AUSTIN (KXAN) — A master key that allows first responders easy and quick access to apartment complexes and commercial buildings was recently found in the possession of a burglary suspect, says a spokesperson with the city of Austin.

According to a memo issued by Austin’s Assistant City Manager Rey Arellano, since the local Knox key system was compromised, the city is in the process of replacing and upgrading the system. The Knox Company supplies the lockboxes, which provides first responders with immediate access to a property in the event of an emergency.

The lockboxes are opened with a master key that is kept on each fire and emergency medical response vehicle in Travis County.

Anthony Kavanaugh. (Austin Police Department)

Andy Tate with the city of Austin says in November, Austin police arrested a man, identified as Anthony Kavanaugh, 28, on suspicion of burglarizing two non-residential properties using keys obtained from a locked Knox box opened using a master key.

Police were able to find the master key in question and they don’t believe anyone else was involved. However, authorities do not know how the suspect, who was not a city of Austin employee, got his hands on the master key.

Because the lock system has been compromised, the city is working to replace master keys as well as replace the lock cylinders on the key retention boxes on AFD and EMS vehicles. The city will also have to replace all the lock cylinders on all Knox boxes located at more than 6,000 building locations across town — at an initial cost of $300,000.

The city is not currently looking at changing the locks on key-operated gates and padlocks, which amounts to 17,500 locations across the county.

Buildings owners who are impacted will receive a notice that they have the option to have their keys and/or access cards returned to them during the rekeying process.

“AFD and EMS will also implement a new protocol to restrict access to the keys and enhance their overall security,” according to the memo. The proposed security protocol also includes making sure there is a reporting process that accounts for all master keys on AFD and EMS vehicles on a daily basis.

To address the security issue on emergency vehicles, the city will still need to replace the onboard key retention devices, which isn’t expected to happen until Fiscal Year 2019 or 2020. The estimated cost for that portion of security updates is $1.5 million.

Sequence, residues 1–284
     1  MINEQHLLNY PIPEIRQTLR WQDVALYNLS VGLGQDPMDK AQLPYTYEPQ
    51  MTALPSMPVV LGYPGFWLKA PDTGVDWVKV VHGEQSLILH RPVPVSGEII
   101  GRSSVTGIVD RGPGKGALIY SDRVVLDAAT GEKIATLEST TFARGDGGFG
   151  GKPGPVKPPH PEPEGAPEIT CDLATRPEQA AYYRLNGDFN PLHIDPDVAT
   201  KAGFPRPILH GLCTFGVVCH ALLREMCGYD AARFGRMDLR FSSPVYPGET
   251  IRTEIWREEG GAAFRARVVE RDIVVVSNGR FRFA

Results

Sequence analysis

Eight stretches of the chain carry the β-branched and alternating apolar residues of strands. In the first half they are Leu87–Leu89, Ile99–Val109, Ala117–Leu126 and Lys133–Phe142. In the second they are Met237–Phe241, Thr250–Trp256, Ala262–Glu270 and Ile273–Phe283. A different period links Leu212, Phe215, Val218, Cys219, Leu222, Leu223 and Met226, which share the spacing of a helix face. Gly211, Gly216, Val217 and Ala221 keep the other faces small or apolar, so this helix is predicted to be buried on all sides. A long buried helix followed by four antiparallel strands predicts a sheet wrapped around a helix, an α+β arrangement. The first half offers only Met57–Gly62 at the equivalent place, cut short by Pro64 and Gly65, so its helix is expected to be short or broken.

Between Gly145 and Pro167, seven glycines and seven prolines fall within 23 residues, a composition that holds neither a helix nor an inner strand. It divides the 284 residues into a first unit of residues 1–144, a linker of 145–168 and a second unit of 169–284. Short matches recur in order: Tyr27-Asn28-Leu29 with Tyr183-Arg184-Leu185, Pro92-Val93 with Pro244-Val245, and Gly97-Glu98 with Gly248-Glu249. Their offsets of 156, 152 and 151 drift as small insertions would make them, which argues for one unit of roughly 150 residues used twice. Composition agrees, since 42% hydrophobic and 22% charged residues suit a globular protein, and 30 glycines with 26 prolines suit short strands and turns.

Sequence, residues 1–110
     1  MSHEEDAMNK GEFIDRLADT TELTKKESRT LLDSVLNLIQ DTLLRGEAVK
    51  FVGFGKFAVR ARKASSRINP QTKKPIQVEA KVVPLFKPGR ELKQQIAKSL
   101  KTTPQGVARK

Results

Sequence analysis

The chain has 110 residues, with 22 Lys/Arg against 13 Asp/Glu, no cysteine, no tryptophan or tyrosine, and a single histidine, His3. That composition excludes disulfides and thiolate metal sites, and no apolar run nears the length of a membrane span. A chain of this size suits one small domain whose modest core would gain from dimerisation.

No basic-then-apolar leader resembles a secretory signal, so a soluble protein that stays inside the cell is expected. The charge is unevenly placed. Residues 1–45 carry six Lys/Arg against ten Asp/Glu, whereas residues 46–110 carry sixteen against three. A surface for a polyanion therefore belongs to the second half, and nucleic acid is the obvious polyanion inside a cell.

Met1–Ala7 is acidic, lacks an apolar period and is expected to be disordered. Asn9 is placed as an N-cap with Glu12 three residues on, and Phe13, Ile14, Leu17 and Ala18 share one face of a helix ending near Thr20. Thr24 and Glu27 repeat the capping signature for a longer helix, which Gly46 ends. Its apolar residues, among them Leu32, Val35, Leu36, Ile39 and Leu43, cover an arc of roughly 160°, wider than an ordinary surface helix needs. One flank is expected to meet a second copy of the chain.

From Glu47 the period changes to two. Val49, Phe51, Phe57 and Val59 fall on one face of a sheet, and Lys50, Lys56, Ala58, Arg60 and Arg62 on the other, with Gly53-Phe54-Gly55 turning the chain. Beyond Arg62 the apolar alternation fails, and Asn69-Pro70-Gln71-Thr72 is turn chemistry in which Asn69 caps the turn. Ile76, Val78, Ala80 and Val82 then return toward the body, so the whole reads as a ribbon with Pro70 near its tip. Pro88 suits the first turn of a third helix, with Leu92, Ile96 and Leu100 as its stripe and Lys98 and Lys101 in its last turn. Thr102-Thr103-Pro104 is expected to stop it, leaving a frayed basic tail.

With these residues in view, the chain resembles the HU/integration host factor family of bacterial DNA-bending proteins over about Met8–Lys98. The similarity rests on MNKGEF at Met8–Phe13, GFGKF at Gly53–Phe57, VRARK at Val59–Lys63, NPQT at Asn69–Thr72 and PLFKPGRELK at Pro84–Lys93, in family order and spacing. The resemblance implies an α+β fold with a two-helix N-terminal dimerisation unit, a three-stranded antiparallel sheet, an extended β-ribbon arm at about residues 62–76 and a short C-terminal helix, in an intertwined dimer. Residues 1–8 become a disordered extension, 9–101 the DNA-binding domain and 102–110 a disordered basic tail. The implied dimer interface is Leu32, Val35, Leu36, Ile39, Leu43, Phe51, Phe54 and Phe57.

Police Link Kavanaugh to Multiple Burglaries

According to an arrest affidavit, on Sept. 25, Dell Children’s Medical Center notified Austin police about $31,000 stolen from the hospital’s cashiers office. Surveillance video showed a black man entering the hospital and “covertly” opening various doors by an unknown method. Due to the angle of the camera, it wasn’t clear to detectives how the suspect manages to open the door.

The hospital sent the surveillance video to other Seton Hospital security personnel and one person called back to say he recognized the suspect as a prior hospital patient. With the help of hospital records, police identified Kavanaugh as the suspect. But police wouldn’t arrest him until a couple of months later.

On Nov. 13, Manor police said Kavanaugh broke into an urgent care center located on Shadow Glen Boulevard. In that burglary, Manor Police Sgt. Craig Struble said the suspect also stole money.

Struble says when his department sent out surveillance video to local law enforcement agencies to help identify the suspect, the Lakeway Police Department called back and said it recognized the suspect from other burglary cases and indicated he was gaining access to buildings via a master key.

Court records show Kavanaugh has an extensive history in prior theft cases. Kavanaugh was arrested by Austin police on Nov. 20. He’s currently in the Travis County Jail where he’s being held on 13 different charges.